But I realized recently that I don’t daydream like that much anymore. I think it’s because I discovered that life is better when I find something satisfying to experience each day that I awake, rather than off in the future. As Daniel Gilbert has written, “When we imagine the future, we often do so in the blind spot of our mind’s eye.” We don’t really know how the future will turn out, and over-fantasizing about it can make it disappointing when it finally arrives.

The definition of daydream is “a reverie indulged in while awake,” a reverie being a “state of dreamy meditation.” This seems like a better way to describe the kind of daydreaming that leads to creativity, problem-solving and fulfilling goals. There’s a saying that ‘where your thoughts go, your energy flows’. In that sense, daydreaming can be uniquely valuable as a way to come up with new ideas, figure out what to do with your life, create a piece of art or music, or imagine a different world.

Sitting in my backyard listening to the birds chirping, watching the butterflies flit around the flowers and losing myself in watching clouds, is the kind of daydreaming that occupies me more now. That “dreamy meditation” invites ideas and images into the conscious mind. It’s the daydreaming that leads to new blog posts, and poems, and learning about nature. It’s the daydreaming that allows me to act on what I imagine.Butterflies_03

On the Psychology Today website, there’s an article by Amy Fries called “The Power of Daydreaming.” It’s an extensive overview of all the ways in which daydreaming is good for us, as well as the ways that daydreaming can be negative, such as if it is too “worry-based”. While it’s helpful to use daydreaming as a way to role-play a situation ahead of time, or assess its risk, it becomes maladaptive if it causes anxiety or obsessive negative thinking.

Daydreaming is essentially what we are engaging in when we use positive visualization or guided imagery to relax. We take ourselves away from the present moment (which might be stressful) and into another place that is beautiful and calm, a place that has meaning for us. Daydreaming becomes a short-term tool for getting through a difficult moment.

Does it seem like there’s a disconnect between present moment awareness and daydreaming, which takes us out of the present moment? Fries doesn’t believe the two have to be in conflict, but thinks that we can find the balance that gives us the right amount of each. She says that we need to be able to imagine art, philosophy, spirituality and progress in order to bring them into existence for ourselves.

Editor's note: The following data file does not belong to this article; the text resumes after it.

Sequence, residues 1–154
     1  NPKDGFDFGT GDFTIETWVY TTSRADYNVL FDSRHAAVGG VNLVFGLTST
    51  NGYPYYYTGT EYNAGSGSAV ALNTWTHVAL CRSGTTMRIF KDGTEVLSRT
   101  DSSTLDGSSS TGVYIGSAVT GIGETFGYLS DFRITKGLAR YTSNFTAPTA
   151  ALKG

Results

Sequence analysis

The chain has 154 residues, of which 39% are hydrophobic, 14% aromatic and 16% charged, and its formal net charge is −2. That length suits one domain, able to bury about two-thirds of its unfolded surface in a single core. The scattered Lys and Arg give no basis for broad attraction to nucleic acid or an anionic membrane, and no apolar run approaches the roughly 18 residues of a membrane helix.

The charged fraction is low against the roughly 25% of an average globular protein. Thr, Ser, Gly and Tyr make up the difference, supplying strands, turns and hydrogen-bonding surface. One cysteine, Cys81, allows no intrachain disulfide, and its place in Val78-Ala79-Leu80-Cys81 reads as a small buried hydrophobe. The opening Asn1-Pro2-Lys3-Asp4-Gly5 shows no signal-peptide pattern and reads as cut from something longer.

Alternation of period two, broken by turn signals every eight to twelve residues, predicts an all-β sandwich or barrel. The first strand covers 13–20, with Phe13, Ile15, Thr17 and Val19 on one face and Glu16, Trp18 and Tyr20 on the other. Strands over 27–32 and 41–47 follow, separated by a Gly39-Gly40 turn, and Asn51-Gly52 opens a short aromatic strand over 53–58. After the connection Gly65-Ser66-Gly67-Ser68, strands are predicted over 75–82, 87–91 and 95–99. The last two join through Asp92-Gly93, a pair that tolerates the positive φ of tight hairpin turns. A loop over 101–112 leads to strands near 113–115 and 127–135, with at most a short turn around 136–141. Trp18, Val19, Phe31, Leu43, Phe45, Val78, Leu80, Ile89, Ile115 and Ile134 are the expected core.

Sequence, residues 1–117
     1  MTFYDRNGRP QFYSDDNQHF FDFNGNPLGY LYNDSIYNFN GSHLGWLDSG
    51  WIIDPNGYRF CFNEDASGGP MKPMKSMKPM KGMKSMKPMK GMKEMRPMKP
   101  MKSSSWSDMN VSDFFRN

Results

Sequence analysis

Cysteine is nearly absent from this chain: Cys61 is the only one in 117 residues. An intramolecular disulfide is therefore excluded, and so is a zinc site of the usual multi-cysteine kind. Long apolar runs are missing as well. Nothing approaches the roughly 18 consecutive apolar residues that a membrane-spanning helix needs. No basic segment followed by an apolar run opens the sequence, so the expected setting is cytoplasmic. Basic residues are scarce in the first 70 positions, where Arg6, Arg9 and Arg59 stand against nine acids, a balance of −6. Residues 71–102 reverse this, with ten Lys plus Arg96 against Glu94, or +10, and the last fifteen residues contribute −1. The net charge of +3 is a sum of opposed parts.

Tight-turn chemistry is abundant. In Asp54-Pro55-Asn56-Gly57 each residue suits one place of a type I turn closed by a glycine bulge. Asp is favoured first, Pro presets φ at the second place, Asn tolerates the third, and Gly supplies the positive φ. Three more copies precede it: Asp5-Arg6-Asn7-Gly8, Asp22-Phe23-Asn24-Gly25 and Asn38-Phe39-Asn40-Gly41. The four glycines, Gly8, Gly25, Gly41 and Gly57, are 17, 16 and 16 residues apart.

So I welcome my daydreams as a respite, and try to be present to the serendipitous ideas that come up in them. Who’s to say what the difference is between daydreaming and just thinking? Albert Einstein once said that, “The secret to creativity is knowing how to hide your sources.” Could he have been talking about daydreams?

Need inspiration? Go outside.

If I told you there was an app for your phone that would help you be more creative, would you buy it? What if I told you that giving up your phone for a while might enhance your creativity? Is that as appealing?

A new study published this week shows that people performed 50% better on a test of creativity after spending four days in nature with no electronic devices. The researchers aren’t sure what exactly caused the gains in creativity — being in nature or giving up the devices, but there’s support for the idea that it’s both of those things.OLYMPUS DIGITAL CAMERA

There’s something called “attentional restoration theory” that apparently relates to multi-tasking. Basically, multitasking requires a lot of executive functioning in the brain, which is kind of exhausting, and the theory is that being in a natural setting can replenish that functioning ability. Other studies have demonstrated that hiking can improve certain mental abilities.

The sad reality is that most of us don’t spend nearly as much time in nature as did previous generations. It’s true that we are not an agrarian society anymore, but it’s also a fact that recreation in nature has declined as time spent with electronics has increased. Yet there’s a lot of evidence that we crave what nature offers us.

Look at our holidays, both religious and secular. Many revolve around symbols of nature. Yes, those holidays originated during agrarian times, but the important thing is that we still celebrate them. So at Christmas, people bring trees into their homes; at the Jewish holiday of Sukkot, people build structures outside, decorated with leaves and branches, in which meals are eaten; at Thanksgiving, a cornucopia is often symbolic; and summer holidays are an occasion for picnicking.